[Dr Ilias Plakokefalos is a post-doctoral researcher at the SHARES Project at the Amsterdam Center of International Law, University of Amsterdam]
Cross-posted at SHARES Blog.
Telesetsky’s highly interesting post highlights the problem of flag state responsibility in the law of the sea. The post identifies two major issues: Illegal Unreported and Unregulated (IUU) fishing and structurally unsafe vessels. Both these issues have been hard to resolve and difficult to regulate, at least from a flag state perspective. This comment seeks to further the debate by raising two questions regarding the role of the flag state in terms of its international responsibility.
First, if we assume that articles 91 and 94 of the Law of the Sea Convention (LOSC) do in fact impose an obligation on flag states to control registration of their ships, the obligation is still rather vague. Article 94 provides that states ‘shall take measures’ to ensure safety at sea, and that these measures shall conform to ‘ international regulations, procedures and practices’. But which regulations are to be followed and which procedures must be adopted is not evident from the LOSC. Even if regulations and procedures are indeed identified (through the International Maritime Organization for example) then the problem of identifying the flag state’s conduct appears. What is the precise conduct that may lead to responsibility? Telesetsky argues that the flag state must exercise due diligence in its authorization procedure. The contents of due diligence obligations are notoriously hard to define in international law. Some guidance might be found in technical standards adopted by international organizations but the problem persists, especially if the role of the classification societies is taken into account (i.e. another non-state actor-besides the shipowner- involved in the process of ensuring the safety of the vessel).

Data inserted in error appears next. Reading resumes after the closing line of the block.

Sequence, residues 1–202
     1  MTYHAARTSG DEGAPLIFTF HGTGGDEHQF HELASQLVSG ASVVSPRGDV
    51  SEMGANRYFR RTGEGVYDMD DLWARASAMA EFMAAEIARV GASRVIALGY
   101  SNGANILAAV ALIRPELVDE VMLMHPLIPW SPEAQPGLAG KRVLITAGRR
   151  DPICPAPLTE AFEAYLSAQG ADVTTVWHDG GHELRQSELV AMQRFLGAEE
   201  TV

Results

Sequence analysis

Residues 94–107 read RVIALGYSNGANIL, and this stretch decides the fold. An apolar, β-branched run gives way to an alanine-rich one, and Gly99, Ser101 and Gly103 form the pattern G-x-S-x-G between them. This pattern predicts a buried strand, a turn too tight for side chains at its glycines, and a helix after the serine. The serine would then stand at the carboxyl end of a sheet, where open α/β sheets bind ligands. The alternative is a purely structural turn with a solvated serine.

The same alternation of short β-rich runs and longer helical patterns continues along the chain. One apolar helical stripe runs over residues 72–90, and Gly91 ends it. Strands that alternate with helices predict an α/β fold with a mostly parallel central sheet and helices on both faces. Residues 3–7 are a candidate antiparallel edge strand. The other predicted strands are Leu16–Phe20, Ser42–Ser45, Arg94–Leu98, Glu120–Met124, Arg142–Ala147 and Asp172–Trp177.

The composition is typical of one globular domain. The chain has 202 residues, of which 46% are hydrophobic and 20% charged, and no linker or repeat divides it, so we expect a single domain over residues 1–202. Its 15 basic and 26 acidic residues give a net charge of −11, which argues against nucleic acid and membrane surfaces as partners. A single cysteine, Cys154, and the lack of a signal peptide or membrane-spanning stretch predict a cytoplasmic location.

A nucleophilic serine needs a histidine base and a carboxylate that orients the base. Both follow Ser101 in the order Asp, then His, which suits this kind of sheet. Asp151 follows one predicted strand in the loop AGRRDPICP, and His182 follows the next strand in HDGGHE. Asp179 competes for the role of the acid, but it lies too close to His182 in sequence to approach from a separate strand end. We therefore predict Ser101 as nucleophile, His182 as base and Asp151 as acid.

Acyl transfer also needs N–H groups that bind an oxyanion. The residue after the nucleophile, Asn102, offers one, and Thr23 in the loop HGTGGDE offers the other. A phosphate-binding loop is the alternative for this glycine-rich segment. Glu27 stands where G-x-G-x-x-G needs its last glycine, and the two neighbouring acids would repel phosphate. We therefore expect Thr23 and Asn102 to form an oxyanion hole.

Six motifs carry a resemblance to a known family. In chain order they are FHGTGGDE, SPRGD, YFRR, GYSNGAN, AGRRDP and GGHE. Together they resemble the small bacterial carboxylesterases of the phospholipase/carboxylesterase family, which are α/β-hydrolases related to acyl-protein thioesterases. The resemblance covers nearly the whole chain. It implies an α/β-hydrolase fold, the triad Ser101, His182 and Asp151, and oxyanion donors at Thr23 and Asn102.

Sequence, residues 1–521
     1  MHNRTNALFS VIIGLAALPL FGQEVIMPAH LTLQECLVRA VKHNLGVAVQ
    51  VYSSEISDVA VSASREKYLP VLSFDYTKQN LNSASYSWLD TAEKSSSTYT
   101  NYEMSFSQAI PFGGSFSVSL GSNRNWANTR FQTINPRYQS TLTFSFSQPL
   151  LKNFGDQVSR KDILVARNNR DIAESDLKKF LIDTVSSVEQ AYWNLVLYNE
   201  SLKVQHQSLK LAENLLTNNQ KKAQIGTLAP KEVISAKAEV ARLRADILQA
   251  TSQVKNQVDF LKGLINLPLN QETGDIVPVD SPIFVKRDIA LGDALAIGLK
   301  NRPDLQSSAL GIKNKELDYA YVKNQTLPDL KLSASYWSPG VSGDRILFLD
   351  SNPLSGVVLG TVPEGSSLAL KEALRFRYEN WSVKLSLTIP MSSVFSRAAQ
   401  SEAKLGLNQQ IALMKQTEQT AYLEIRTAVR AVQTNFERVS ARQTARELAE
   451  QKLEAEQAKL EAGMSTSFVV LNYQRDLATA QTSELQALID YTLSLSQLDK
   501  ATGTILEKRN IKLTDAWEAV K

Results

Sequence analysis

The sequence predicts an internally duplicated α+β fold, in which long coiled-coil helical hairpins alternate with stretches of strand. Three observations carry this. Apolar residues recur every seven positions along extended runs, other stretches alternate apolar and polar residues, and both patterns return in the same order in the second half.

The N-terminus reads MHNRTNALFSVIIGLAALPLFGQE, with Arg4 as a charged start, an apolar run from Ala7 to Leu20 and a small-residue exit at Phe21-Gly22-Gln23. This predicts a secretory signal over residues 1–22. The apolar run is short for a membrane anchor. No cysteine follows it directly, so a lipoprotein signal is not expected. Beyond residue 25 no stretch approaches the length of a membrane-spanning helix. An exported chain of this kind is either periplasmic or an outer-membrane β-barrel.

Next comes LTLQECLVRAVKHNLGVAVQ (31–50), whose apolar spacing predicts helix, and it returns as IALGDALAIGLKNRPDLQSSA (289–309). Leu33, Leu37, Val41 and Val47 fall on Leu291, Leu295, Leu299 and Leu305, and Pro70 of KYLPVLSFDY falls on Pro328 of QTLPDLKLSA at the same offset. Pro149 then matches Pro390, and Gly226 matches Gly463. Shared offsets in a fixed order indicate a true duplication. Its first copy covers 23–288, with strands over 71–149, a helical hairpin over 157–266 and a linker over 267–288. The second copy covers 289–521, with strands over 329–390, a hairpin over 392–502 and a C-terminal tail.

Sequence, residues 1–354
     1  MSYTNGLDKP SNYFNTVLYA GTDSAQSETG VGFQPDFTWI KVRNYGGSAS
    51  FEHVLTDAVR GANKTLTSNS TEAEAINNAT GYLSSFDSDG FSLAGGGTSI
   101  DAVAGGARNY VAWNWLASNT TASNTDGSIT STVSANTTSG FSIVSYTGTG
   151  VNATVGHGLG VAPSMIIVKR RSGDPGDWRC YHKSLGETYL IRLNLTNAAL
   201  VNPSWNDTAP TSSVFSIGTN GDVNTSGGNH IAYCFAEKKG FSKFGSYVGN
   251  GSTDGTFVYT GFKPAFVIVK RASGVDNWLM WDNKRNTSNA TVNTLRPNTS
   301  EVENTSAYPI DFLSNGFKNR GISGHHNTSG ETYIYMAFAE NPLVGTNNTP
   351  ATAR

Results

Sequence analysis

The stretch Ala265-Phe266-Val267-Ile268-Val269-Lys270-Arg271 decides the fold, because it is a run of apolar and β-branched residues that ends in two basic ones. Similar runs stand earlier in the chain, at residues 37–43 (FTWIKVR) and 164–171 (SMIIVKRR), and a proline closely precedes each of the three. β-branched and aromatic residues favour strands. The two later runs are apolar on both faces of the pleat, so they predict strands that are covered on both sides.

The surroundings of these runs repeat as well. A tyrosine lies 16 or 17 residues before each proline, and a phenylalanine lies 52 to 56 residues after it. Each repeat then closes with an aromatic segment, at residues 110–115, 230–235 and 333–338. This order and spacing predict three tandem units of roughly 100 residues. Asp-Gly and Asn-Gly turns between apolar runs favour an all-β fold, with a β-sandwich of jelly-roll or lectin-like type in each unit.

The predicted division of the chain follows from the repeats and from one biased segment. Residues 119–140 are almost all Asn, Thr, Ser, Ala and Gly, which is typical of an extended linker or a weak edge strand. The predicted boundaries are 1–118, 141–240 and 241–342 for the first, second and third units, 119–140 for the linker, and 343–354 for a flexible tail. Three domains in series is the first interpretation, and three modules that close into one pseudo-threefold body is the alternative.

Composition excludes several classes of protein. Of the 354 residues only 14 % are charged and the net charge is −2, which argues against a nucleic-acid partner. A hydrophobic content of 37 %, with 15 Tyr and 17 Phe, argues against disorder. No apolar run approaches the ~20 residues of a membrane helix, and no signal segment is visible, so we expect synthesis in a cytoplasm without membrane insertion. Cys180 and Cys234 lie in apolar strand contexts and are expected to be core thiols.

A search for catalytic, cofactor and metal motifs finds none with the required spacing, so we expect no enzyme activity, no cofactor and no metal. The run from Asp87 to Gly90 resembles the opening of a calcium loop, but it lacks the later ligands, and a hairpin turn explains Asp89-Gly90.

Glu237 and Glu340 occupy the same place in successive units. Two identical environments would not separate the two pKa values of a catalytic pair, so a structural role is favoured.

Second, Telesetsky asks in her conclusion (in reference to the Erika and the Prestige incidents) why flag states should not bear responsibility for damage caused by the vessels. She concludes that flag state responsibility could indeed offer a solution to issues of pollution or IUU. It is a fair question and a reasonable conclusion. The fact is that states have opted to resolve claims for oil pollution damage at the national level, through the Civil Liability and Fund Conventions. They have also concluded similar conventions on other areas, covering for example the problem of hazardous and noxious substances (HNS Convention). But is this approach enough? I would answer in the negative. While the oil pollution system works rather efficiently, although not without problems, it seems that states have managed to deflect the discussion from their own responsibility on most other issues. If states had sought to tackle the problem of pollution or IUU directly, they would have to accept a number of obligations, and they seem unwilling to do so.
In any case, I concur that clarification of the obligations of flag states and consequently their more ready exposure to responsibility claims is a step in the right direction.